Further, the quantum of evidence needed is considerably greater where, as here, the particular customs that appellants claim resulted in their injuries involve a course of municipal inaction that is a good deal removed from the constitutional deprivation alleged. A plaintiff that faults a municipality's inaction must show that there is an "extremely high degree" of municipal culpability. Lenard v. Argento, 699 F.2d 874, 885 (7th Cir. 1983), certiorari denied, 464 U.S. 815, 104 S. Ct. 69, 78 L. Ed. 2d 84; cf. Strauss v. City of Chicago, 760 F.2d at 769 (inaction that is "sufficiently egregious" may render municipality liable for single injury under Section 1983). As the district court stated below:
No municipality may be held liable for its indifference to the mere possibility of a constitutional deprivation. Rather the plaintiff must show the municipality was aware either of actual deprivations or of such a strong likelihood of imminent (though unrealized) deprivations that any reasonable person would have taken preventative measures.
Jones v. City of Chicago, 608 F. Supp. at 1000 (emphasis in original). Where the custom itself does not establish wrongdoing, there must be evidence of a course of events or circumstances that permit an inference of deliberate indifference or tacit authorization of the offensive acts. See Lenard v. Argento, 699 F.2d at 886.
In Avery v. County of Burke, supra, the plaintiff was a patient of a county health department clinic. She claimed that the county wrongfully caused her sterilization after county health employees informed her that she had the sickle cell trait but subsequent testing revealed that plaintiff did not have the trait. The court initially noted that the state expressly had imposed on local health departments the duty to provide testing and counseling for state residents afflicted with sickle cell syndrome. It then reasoned that the failure of the county boards of health and social services to adopt procedures for its employees in counseling and sterilizing persons believed to have the sickle cell trait constituted a "custom" of leaving these activities to "the standardless discretion" of the individual employees. Avery v. County of Burke, 660 F.2d at 115. Because the county had a substantial black population and the board of health was involved in the sterilization of women, the court concluded that an inference of deliberate indifference to the plaintiff's constitutional right of procreation (see Skinner v. Oklahoma, 316 U.S. 535, 62 S. Ct. 1110, 86 L. Ed. 1655 (1942)) or tacit authorization of sterilization was reasonable. Id. at 115-116. The court therefore held that genuine issues of material fact remained as to the county's liability for wrongful sterilization and precluded summary judgment. The circumstances of the present cases are dissimilar.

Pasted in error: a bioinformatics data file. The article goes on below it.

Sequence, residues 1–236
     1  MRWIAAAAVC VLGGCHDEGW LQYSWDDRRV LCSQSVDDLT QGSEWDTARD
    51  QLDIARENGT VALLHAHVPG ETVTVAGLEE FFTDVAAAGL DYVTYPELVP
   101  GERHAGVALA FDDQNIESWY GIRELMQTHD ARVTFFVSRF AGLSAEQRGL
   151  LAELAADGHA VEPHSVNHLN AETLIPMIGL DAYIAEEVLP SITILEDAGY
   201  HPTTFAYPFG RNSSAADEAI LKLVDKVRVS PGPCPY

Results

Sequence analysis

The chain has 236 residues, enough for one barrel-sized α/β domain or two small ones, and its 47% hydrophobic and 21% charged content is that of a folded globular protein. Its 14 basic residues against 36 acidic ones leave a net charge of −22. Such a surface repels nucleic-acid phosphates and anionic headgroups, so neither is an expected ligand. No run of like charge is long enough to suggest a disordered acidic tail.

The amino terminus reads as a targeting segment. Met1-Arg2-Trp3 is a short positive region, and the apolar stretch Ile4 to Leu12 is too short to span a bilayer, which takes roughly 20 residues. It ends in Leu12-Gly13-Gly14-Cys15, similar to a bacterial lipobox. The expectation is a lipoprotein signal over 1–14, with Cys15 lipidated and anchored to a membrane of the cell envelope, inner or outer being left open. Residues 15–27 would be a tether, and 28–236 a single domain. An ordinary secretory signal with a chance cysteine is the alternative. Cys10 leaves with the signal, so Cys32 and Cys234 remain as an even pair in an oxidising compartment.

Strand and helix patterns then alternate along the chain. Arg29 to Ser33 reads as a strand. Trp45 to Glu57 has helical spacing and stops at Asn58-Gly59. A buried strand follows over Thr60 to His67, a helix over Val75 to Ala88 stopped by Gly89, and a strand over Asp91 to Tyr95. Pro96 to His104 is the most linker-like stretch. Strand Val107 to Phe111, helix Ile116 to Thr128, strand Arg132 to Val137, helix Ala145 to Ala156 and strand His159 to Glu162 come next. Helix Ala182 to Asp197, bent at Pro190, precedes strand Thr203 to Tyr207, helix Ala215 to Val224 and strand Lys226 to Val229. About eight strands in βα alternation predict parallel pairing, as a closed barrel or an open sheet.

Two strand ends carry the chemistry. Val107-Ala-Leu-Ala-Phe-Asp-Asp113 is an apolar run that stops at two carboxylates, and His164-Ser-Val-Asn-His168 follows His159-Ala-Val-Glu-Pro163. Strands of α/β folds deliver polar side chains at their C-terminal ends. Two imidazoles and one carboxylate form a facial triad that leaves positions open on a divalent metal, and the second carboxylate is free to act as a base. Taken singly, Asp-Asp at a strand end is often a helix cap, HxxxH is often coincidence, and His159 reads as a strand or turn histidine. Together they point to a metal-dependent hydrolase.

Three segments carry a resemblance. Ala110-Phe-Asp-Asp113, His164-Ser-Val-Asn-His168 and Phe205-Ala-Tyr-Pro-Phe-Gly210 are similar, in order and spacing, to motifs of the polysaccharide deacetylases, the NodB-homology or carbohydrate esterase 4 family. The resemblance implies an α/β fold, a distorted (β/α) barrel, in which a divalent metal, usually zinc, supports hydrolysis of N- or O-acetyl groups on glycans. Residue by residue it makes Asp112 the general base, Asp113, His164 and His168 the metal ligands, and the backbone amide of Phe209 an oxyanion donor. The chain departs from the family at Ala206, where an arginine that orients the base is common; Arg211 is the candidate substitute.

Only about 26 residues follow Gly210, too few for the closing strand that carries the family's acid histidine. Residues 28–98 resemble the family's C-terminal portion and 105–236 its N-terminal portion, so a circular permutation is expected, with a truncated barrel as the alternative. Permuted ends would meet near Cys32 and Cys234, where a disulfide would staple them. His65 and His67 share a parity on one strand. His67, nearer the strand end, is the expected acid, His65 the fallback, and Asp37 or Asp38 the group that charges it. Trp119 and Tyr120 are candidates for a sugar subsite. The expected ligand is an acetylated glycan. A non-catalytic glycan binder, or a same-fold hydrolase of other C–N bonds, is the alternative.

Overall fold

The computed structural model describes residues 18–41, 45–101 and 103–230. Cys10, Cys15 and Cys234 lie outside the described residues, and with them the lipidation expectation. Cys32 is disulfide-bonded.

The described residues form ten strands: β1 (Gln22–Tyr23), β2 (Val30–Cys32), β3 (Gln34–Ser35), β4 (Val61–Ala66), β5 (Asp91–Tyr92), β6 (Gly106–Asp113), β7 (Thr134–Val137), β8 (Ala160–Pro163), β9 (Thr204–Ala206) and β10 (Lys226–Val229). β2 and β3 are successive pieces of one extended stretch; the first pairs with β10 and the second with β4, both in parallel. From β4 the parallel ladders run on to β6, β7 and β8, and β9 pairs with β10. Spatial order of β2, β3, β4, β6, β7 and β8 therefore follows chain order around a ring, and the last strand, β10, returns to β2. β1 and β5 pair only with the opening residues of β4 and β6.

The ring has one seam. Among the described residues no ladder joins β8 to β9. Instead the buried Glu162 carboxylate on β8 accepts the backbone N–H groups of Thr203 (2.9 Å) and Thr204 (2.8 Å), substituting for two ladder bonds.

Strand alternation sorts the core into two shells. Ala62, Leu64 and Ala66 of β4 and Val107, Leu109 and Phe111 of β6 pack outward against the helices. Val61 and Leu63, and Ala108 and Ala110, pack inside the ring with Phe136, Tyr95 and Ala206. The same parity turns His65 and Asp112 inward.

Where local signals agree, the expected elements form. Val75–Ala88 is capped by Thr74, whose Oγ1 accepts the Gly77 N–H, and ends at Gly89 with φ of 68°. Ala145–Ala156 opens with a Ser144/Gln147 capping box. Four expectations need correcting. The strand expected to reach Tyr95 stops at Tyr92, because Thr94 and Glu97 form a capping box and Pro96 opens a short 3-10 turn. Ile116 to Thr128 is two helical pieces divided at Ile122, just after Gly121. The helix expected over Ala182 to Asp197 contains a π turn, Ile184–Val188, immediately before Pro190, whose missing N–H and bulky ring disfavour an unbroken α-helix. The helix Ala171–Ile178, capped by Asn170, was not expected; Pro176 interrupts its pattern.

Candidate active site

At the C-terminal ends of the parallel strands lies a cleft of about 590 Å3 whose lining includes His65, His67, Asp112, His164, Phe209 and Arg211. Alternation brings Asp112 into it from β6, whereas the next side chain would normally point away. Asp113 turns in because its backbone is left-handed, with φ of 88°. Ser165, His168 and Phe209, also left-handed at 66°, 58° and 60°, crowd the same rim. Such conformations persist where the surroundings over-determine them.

Appellants admittedly have shown that the presence of chaperones during pelvic examinations is desirable and that it may be best to ensure that a patient is aware of a chaperone's availability. We doubt that the City disagrees. But the City disputes appellants' contention that it is required to adopt procedures for its physicians (and other employees) to follow in these matters. In support of its motion for summary judgment, the City offered the affidavits of several physicians to establish that neither national nor community medical standards require the presence of a chaperone during gynecological examinations. Further affidavits from Department officials and staff indicate that the Jones incident was the first of its kind at City public health facilities; the Department had no record of prior complaints of sexual misconduct or improprieties against d'Avis or any other City physician.
To defeat the City's summary judgment motion, it was incumbent on appellants to show that they would produce "specific facts" at trial which could establish a deliberate indifference to their constitutional rights or tacit authorization of the employee misconduct. See Fed. R. Civ. P. 56(e). It is enough that appellants offer circumstantial evidence from which a trier of fact may reasonably infer the City's culpability. See Klein v. Trustees of Indiana University, 766 F.2d 275, 283 (7th Cir. 1985). But to this end, " [w]e are 'not required to evaluate every conceivable inference which can be drawn from evidentiary matter, ... only reasonable ones.' " P.H. Glatfelter Co. v. Voith, Inc., 784 F.2d 770, 774 (7th Cir. 1986) (emphasis in original) (citations omitted). After carefully reviewing the record in the light most favorable to appellants, id., we conclude that appellants' evidence does not give rise to an inference of fault so as to render the City liable under Section 1983.